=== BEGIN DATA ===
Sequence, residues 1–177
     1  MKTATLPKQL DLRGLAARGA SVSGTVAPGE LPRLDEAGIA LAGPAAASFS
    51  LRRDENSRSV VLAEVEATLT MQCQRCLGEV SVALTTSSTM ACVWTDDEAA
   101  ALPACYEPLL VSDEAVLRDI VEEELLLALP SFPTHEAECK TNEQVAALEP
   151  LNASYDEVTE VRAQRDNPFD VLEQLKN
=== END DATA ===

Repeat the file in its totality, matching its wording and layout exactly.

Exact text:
Sequence, residues 1–177
     1  MKTATLPKQL DLRGLAARGA SVSGTVAPGE LPRLDEAGIA LAGPAAASFS
    51  LRRDENSRSV VLAEVEATLT MQCQRCLGEV SVALTTSSTM ACVWTDDEAA
   101  ALPACYEPLL VSDEAVLRDI VEEELLLALP SFPTHEAECK TNEQVAALEP
   151  LNASYDEVTE VRAQRDNPFD VLEQLKN